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Aland Islands become one of the world's countries

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The tiny province of the Aland Islands - located between old rivals Sweden and Finland - has become an official country with no fanfare whatsoever and is now entitled to its own, new, top-level Internet domain, .ax.

The International Organisation for Standardization (ISO) actually granted the islands - given autonomy in 1951 and boasting 25,000 inhabitants - their official recognition on 13 February this year but somehow we only heard about it last week.

The Aland Islands (although the Finnish will have it known they are the Ahvenanmaa Islands) are made up of 6,500 islands and outcrops, 65 miles east of Stockholm and cover 572 square miles. People only live on 65 of them, however, and 90 per cent live on the biggest island - Fasta Aland. Fasta only has one city where over half the population live.

They have their own flag which is a Swedish flag with a strangely English-looking red cross stuck on the top. They have an assembly called the Landsting which decides its own laws, and a seat in the Finnish Parliament. The islands have jumped between Swedish and Finnish ownership over the centuries and while Swedish is the language and most influences the culture, the last people to own them were the Finns. A ruling by the League of Nations in 1921 gave the islands their own parliament and it has been independence all the way from there.

What is interesting in terms of the Internet however is that the Aland Islands are now on the official ISO 3166-1 list which means they can have their own Internet domain. The Internet Assigned Numbers Authority IANA), the Internet body that decides such things, uses the list as a set-in-stone directory of domain names. At least sometimes.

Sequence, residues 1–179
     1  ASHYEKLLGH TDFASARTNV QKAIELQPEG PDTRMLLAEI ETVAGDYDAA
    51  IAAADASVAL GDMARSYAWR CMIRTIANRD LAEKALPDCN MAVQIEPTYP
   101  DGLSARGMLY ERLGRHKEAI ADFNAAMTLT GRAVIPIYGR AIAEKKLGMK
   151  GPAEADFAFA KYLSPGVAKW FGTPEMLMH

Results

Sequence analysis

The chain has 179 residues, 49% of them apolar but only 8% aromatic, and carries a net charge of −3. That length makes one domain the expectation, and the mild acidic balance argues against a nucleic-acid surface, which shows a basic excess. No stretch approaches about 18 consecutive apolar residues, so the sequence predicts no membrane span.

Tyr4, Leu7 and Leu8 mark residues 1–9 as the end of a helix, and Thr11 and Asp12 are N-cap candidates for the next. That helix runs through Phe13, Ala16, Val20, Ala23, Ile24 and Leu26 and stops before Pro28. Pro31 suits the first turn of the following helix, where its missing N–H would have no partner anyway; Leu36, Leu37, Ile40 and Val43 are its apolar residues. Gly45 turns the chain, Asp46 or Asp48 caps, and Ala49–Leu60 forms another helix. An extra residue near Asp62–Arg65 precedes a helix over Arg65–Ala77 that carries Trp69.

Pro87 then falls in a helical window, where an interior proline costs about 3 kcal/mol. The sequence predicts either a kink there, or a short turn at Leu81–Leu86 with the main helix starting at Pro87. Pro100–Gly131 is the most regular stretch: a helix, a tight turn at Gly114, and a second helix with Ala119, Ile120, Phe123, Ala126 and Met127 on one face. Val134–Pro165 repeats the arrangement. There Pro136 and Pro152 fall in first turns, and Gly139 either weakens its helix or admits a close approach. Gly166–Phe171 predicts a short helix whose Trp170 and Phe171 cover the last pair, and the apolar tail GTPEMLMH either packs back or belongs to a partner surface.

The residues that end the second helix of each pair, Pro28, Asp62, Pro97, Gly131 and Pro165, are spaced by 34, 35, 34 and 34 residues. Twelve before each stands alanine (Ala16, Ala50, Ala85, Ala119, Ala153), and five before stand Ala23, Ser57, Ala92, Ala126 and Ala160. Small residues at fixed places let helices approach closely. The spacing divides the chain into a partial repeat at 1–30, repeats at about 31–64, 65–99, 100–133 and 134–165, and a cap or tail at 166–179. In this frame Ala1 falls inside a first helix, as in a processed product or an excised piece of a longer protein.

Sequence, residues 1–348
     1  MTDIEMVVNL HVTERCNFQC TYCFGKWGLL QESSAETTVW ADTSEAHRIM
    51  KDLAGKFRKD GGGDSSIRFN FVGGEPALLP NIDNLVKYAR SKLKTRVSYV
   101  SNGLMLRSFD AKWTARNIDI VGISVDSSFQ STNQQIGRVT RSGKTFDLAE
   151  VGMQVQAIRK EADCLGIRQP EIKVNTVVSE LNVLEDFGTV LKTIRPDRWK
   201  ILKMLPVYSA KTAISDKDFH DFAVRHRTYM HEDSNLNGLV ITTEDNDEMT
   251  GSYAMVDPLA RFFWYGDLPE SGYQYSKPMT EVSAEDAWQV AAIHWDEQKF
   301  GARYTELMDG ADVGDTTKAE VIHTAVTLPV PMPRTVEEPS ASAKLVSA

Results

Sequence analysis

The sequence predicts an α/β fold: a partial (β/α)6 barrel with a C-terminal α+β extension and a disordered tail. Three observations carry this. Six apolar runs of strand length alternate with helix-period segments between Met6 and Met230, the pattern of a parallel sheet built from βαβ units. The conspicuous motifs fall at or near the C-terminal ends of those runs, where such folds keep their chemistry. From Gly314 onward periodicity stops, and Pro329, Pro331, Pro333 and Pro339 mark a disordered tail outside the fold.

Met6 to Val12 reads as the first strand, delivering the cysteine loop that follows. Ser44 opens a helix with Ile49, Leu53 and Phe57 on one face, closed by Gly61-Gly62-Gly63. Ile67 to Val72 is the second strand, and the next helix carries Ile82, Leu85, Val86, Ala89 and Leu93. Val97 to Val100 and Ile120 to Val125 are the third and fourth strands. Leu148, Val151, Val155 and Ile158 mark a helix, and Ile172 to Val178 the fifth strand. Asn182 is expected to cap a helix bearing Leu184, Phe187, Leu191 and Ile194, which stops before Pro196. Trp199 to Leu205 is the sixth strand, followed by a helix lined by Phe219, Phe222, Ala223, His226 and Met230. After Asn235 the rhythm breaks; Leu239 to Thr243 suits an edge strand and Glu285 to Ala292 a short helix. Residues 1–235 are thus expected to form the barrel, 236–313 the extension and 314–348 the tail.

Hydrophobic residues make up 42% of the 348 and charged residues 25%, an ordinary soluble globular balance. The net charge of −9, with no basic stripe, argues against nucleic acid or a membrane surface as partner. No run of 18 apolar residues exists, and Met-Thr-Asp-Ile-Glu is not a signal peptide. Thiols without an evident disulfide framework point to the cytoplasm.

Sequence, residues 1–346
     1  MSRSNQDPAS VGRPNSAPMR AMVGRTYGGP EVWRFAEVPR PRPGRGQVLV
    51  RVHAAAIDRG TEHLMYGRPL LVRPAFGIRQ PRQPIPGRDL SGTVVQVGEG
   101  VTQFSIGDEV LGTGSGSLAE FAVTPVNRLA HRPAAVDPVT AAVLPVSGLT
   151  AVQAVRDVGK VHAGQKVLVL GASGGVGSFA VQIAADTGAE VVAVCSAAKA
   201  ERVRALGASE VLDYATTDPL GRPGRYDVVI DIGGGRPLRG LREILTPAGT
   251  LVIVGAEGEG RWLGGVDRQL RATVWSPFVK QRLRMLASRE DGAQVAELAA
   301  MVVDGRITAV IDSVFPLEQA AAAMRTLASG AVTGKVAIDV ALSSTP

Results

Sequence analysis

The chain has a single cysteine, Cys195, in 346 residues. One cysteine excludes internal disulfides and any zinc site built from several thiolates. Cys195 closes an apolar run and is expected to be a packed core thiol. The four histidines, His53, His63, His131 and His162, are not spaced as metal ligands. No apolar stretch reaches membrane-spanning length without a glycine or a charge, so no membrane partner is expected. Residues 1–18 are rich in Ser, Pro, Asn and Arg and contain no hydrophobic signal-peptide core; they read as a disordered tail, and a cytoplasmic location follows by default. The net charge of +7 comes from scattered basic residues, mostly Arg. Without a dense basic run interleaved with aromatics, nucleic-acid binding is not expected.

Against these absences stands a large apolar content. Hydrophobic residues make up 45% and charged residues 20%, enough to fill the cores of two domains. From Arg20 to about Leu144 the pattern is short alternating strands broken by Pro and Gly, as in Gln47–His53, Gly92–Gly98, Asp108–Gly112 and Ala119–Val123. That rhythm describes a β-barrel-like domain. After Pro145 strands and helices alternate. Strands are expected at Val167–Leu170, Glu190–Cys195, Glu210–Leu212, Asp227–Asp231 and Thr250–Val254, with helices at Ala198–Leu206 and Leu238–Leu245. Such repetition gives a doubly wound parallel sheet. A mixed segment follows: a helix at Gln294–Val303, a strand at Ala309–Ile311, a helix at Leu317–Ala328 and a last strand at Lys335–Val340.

"IANA's policy is to create new ccTLDs (country code top level domains) only when they are listed on the ISO 3166-1 list," reads its site. "The selection of the ISO 3166-1 list as a basis for country code top-level domain names was made with the knowledge that ISO has a politically neutral procedure for determining which entities should be and should not be on that list."

Of course, you need to ignore the existence of .uk rather than .gb for Great Britain and the inclusion of Ascension Island (.ac), Guernsey (.gg), Isle of Man (.im) and Jersey (.je), and the fact that the Soviet Union (.su) still exists on the Internet. And that the European Union is getting is own .eu domain. And that .yu for Yugoslavia is still on the Net, rather than .cs for Serbia and Montenegro.

Plus of course, the Aland Islands have to actually apply for their own domain. And IANA doesn't like to rush these things.

On 1 October 1999, the Occupied Palestinian Territory was included on 3166-1 with the two-letter code .ps. Ten days later, an application was made to IANA for a .ps domain. This was followed up on 2 February 2000 after IANA hadn't got around to do anything. It held a review and granted the domain on 22 March 2000. So, if the Aland islands applied this week, they could have their own domain by September.

But don't count on it. East Timor became a country on 15 November 2002 but so far not a peep from IANA. Maybe that troubled country hasn't got around to applying yet.

Of course the big question is: who's next? Well, sparing a huge political upheaval, bid for independence and successful war, there is a list of reserved country codes, believe it or not. You have to be a big country or international organisation to put your chips down, but these are them, and each has a fascinating history:

  • CP for Clipperton Island - an atoll in the North Pacific Ocean, south-east of Mexico (reserved by the International Telecommunications Union (ITU)).
  • DG for Diego Garcia - an American naval base which is already included in the virtually unused British Indian Ocean Territory (.io) domain (reserved by the ITU).
  • EA for Ceuta and Melilla - which are actually two cities on the Moroccan coastline and are the last vestiges of the Spanish empire. Same sort of situation as with Gibraltar, especially the Spanish actually own them (reserved by the World Customs Organisation (WCO)).
  • FX for Metropolitan France. This is, or rather was, recognised by IANA. IANA has received requests for it but is ignoring them. One posting by someone in the know explained: "It is difficult to escape the conclusion that this is a very special strange and unwarranted arrangement for exactly one purpose: to satisfy some odd uniquely French desire" (reserved by, yes, France).
  • IC for Canary Islands - an autonomous group of islands owned by the Spanish and a popular holiday destination (reserved by WCO).
  • TA for Tristan da Cunha - which claims to be the remotest island in the world and is British territory in the South Atlantic. Great for lobsters and stamps apparently (reserved by the Universal Postal Union (UPU))

Our vote for the next domain goes to the Canary Islands. ®

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